Reviewed by Theresa Corbin
“Being Muslim: A Practical Guide is a new book written to help people learn how to live and practice the faith of Islam-to learn what Muslims believe, how to pray and fast, and how to perform the Islamic devotions appropriately.”
This is a book I really could have used in 2001 when I took my first shaky steps into Islam. As the author, Asad Tarsin, writes, when he was approached by a convert and asked for resources, he realized there really wasn’t much out there for the new adult Muslim.
Back in my day, all that was available for the convert were children’s books and very hard to read books written by people who were painfully un-familiar with the English language but giving it their best intentions. I learned how to pray from the people around me and I stumbled through learning in those first few years, and took cultural practices as Islam itself. I had to relearn a lot.
But today the Muslim converts learning the rites, rights, and rituals of Islam have a new book to look to for guidance. Being Muslim is a phenomenal and easy to follow guide to living Islam, written with the new Muslim in mind.
As I read Being Muslim, I was touched by the eloquent way Tarsin describes iman (faith). I was moved by the effort to make things easy on the new Muslim. I was excited to see an author who really cares about the psychological and spiritual well being of the new Muslim, instead of the same old wanting to impress a culture upon them. Being Muslim is a breath of fresh air in the sparse cannon of guides to practicing Islam.
The book’s guide to the five pillars of worship is in-depth but not overwrought with indecipherable, technical jargon. And what potentially unfamiliar (Arabic) terms are used, they are thoroughly explained in the text and in the back of the book. The author does not patronize the reader, as is the case with some books that attempt to teach the new Muslim.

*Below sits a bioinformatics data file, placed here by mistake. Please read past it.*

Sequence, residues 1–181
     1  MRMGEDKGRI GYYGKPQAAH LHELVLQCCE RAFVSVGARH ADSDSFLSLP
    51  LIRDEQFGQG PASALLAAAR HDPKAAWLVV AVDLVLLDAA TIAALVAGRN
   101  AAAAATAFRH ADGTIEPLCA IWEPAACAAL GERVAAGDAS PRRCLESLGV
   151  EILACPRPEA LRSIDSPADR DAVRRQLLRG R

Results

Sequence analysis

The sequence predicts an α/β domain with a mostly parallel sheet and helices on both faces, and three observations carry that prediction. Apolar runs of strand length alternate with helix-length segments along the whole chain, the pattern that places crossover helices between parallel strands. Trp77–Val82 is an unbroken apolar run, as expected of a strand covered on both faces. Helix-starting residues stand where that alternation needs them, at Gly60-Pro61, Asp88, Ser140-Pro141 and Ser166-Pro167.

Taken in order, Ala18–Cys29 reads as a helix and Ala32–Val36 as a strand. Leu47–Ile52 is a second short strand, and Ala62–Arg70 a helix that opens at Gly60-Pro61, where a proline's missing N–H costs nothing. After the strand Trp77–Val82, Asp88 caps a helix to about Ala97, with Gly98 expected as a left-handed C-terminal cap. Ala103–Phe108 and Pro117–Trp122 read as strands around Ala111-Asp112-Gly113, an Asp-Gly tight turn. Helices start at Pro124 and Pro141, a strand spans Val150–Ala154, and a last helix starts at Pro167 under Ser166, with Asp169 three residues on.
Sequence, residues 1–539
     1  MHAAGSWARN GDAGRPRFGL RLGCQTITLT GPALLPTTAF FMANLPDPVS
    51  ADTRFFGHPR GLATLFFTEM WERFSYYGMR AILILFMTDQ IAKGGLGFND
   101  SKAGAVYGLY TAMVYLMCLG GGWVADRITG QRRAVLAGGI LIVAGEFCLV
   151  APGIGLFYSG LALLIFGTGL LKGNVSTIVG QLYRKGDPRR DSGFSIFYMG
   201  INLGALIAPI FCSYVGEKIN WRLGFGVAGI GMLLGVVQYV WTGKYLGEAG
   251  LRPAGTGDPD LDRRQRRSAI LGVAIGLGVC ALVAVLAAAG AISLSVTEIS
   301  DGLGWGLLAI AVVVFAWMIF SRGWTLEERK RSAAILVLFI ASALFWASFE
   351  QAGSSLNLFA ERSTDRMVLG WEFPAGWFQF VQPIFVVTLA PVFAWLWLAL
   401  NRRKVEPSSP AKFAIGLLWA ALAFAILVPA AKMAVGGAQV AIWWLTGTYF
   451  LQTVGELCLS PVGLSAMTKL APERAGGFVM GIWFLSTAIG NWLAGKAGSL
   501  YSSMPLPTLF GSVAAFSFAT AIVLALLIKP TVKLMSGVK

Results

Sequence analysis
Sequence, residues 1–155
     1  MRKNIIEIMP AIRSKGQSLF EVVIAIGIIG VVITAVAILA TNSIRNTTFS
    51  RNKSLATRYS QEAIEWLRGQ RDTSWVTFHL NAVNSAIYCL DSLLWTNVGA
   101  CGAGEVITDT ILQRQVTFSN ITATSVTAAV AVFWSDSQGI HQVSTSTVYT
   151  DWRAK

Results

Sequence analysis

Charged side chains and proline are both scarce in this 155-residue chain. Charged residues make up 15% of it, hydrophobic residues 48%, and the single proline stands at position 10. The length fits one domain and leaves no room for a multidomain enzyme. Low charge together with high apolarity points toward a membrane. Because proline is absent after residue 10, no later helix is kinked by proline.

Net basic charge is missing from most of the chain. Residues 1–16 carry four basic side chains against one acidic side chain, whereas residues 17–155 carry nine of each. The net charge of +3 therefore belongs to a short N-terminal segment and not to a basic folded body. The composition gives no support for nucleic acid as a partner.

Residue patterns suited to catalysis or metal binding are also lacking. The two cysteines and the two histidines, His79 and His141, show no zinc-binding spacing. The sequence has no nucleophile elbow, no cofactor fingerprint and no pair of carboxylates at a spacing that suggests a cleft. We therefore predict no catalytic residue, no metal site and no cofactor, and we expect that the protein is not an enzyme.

Being Muslim discuses the new Muslim’s relationship with God, his or her spiritual refinement, and the manners for which a Muslim should strive. The chapter that discuss these aspect of Islamic lifestyle are the brightest points of the book. These are topics that so many other books, videos, pamphlets, lectures leave out, and, to me, are the most important part of the new Muslims’ journey and education.
This book has a little bit of everything the new Muslim needs to know, including a brief overview of the Prophet Muhammad’s (PBUH) life, how the Quran was revealed, how the Quran can and should be a part of the new Muslim’s life and more.
I recommend, as the author does, that this book be read by the new Muslim and referenced regularly. If you are new to Islam, do not expect to simply read this book and have it down. Because of the wealth and depth of information, it is a book that must be returned to time and again to better understand the path it lays out and to internalize the wisdom it offers.
As someone who has been studying Islam in depth since 1999 and who converted in 2001, I thought I would not gain much from reading a guide for new Muslims. But I found myself reaffirmed in my faith and relearning things I had long forgotten. I recommend even the been-in-Islam-for-awhile Muslim purchase this book. Being Muslim would even be a good read for the person born into a Muslim family who is trying to become more religious and a better practising Muslim.
Anyone who wants to better understand Islam would do well to purchase this book. So get over to beingmuslim.org and purchase a copy today. It is well worth it!! Being Muslim: A Practical Guide by Asad Tarsin. <– just click there!
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